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Bust of a Woman
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This image is available for download, without charge, under the Getty's Open Content Program.

Unknown
Roman, 25 B.C. - A.D. 25
Bronze and glass paste
6 1/2 x 2 5/8 in.
84.AB.59

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This exceptionally well-preserved bronze portrait bust depicts a young woman. The inlaid eyes made of glass paste are intact, which is rare for ancient bronze statues, but the gold earrings she originally wore have disappeared. She wears her hair in the complicated braided and knotted style popular during the reign of the emperor Augustus. Such detailing in the hair required much engraving and reworking of the head after it was cast.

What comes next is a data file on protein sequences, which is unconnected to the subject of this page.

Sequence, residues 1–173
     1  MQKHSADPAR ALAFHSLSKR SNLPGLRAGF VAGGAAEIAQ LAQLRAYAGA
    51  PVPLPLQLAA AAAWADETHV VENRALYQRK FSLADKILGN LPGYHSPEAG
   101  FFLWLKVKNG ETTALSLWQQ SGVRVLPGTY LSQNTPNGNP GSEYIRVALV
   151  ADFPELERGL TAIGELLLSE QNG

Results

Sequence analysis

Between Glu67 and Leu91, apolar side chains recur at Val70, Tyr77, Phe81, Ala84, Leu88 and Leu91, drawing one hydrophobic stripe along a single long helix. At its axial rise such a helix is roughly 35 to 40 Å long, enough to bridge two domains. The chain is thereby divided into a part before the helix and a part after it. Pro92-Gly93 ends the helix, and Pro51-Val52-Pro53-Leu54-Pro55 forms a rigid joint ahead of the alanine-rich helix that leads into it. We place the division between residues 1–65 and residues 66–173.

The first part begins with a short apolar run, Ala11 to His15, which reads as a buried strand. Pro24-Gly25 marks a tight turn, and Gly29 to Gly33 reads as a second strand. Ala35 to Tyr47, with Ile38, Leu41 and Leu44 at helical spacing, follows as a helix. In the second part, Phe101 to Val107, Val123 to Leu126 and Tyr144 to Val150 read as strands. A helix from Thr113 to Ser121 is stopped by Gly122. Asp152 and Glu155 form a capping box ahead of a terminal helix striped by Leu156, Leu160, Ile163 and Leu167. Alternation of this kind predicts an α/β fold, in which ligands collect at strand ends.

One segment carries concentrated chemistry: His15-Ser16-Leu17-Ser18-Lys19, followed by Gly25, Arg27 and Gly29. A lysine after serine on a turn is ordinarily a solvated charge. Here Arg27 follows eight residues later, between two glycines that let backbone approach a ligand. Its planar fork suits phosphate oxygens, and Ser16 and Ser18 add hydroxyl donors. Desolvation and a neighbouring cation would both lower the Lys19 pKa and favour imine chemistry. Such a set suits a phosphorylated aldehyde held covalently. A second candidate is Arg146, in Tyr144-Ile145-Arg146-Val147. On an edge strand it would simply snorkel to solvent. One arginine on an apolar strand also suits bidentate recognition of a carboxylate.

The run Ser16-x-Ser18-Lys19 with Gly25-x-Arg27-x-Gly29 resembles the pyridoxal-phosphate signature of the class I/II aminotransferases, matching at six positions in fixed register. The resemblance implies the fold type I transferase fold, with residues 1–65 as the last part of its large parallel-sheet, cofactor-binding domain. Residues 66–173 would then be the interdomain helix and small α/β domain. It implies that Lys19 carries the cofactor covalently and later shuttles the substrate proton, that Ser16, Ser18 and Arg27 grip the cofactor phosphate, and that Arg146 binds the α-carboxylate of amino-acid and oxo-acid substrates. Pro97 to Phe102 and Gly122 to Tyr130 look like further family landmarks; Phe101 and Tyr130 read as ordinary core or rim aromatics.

The Romans had a long tradition of portraiture, since images of ancestors played a part in funerary ritual. Portraits of ancestors were kept and displayed at home; a miniature portrait such as this probably would have stood in a private household shrine. Portraits signaled the social status of both their subjects and those who commissioned them. On certain occasions throughout the year, portraits of ancestors were displayed in public, attesting to the long-standing importance of the family.